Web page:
Introduction

On November 26, 2015, Ontario’s Minister of the Environment and Climate Change (MOECC) posted proposed new waste reduction legislation on the Environmental Registry (EBR #012-5832) for public comment.  In its current form, the new legislation would dramatically overhaul the province’s recycling regime.  Entitled the Waste-Free Ontario Act, Bill 151 proposes to enact the Resource Recovery and Circular Economy Act and the Waste Diversion Transition Act.  Together, these statues will replace the current Waste Diversion Act, 2002 (which utilizes industry funding organizations (IFOs) and industry stewardship plans) and transition to what Ontario believes will be a more robust producer responsibility regime.

Ontario’s existing waste diversion regime has come under increasing criticism in recent years, with critics pointing to stalled recycling rates and unpopular “eco-fees” on consumer products.  Bill 151 is not the government’s first attempt to revise the existing regime – a previous attempt in 2013 (see our July 24, 2013 Osler Update on Bill 91)died on the order paper when a provincial election was called in the spring of 2014.

Along with the proposed legislation, Ontario has also posted on the Environmental Registry its draft Strategy for a Waste Free Ontario: Building The Circular Economy, which explains and illustrates how the new legislation may be applied.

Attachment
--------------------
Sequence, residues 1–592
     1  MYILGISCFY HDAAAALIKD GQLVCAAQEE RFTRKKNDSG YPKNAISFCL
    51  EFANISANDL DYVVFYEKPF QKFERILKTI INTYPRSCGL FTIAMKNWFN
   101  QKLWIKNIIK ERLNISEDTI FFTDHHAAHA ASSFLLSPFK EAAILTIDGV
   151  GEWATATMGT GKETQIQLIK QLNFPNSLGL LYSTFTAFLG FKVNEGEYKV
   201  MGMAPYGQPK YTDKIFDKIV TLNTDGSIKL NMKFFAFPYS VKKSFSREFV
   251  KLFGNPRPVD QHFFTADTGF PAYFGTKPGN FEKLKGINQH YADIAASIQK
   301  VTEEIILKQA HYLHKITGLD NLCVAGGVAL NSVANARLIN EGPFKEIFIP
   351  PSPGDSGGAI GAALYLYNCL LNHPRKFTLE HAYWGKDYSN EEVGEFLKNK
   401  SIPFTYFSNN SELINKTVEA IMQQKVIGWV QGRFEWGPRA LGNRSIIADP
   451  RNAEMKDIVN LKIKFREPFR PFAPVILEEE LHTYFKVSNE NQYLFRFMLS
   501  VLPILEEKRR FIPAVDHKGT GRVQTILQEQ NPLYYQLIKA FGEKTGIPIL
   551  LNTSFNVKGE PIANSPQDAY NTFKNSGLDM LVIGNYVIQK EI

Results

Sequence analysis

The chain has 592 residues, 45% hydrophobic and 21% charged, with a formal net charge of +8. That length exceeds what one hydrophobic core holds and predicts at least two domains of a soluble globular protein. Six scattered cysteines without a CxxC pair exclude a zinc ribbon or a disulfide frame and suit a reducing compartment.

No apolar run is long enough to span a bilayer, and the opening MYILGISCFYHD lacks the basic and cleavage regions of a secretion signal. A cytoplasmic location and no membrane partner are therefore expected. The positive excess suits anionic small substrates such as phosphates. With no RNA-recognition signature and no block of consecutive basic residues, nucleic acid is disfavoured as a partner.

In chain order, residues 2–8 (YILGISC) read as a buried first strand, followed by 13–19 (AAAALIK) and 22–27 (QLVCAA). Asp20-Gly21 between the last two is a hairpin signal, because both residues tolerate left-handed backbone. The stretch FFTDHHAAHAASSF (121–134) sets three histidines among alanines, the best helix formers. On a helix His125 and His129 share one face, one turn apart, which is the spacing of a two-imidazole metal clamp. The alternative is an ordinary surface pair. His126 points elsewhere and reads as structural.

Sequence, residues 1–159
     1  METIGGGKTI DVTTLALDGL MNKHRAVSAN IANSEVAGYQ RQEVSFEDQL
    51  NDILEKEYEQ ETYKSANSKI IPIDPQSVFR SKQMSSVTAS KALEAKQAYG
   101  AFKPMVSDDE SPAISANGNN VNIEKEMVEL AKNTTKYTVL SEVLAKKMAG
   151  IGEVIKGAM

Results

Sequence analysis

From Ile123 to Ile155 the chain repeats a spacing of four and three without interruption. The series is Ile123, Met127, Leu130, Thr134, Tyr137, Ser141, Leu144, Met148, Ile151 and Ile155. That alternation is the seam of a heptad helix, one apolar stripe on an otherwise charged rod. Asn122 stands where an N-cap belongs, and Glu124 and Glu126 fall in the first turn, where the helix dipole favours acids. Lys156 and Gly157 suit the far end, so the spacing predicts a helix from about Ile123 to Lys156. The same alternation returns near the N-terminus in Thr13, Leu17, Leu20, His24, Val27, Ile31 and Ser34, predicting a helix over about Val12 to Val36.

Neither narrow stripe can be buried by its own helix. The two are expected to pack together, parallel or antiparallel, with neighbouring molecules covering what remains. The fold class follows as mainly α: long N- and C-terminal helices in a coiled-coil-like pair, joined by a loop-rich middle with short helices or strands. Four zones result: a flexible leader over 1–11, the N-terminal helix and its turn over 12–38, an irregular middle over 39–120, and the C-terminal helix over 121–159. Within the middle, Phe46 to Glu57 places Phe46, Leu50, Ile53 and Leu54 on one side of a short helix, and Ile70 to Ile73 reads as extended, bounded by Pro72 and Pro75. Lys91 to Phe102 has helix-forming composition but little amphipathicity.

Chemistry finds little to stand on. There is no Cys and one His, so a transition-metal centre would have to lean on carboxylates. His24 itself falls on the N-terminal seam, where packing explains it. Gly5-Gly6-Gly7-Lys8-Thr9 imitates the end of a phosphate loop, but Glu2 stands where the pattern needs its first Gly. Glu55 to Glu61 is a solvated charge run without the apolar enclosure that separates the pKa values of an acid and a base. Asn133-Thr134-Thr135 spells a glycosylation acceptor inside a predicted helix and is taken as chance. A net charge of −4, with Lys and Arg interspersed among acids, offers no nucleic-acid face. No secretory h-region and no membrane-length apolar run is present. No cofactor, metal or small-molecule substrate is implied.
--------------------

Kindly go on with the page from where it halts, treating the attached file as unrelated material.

Both Bill 151 and the strategy document are open for public comment until February 24, 2016.

Key features of Ontario's new waste diversion regime

The proposed Waste Diversion Transition Act would replace the existing Waste Diversion Act, 2002 until such time as existing waste diversion programs and their related industry funding organizations are wound up and/or transitioned to the new producer responsibility framework, described below. The existing programs for Blue Box, used tires, waste electronics, and municipal hazardous/special waste (e.g., paints, solvents, batteries, fertilizers, etc.) will be transitioned under this Act.

The proposed legislation will empower the Minister to direct the relevant IFO to prepare a wind up plan, and will further empower a new Resource Productivity and Recovery Authority (RPRA) to approve this plan.  Once approved, the wind up plan must be implemented by the IFO.

The draft Resource Recovery and Circular Economy Act proposes to:

  • borrowing from the Planning Act, establish a long list of “provincial interests,” and require both statutory decision makers under this and other statutes, as well regulated parties under this statute, to “have regard to” these provincial interests
  • obligate the Minister to finalize the draft strategy document as an overarching statutory policy that would require review every ten years
  • further, borrowing from the Planning Act, enable the provincial government to issue policy statements in respect of resource recovery and waste reduction, and require the same set of statutory decision makers and regulated parties to exercise their powers and carry out their obligations “consistent with” the policies
  • make “responsible persons” (brand holders and others with commercial connections to a product, such as first importers and e-tailers) accountable for recovering resources and reducing waste associated with their products and packaging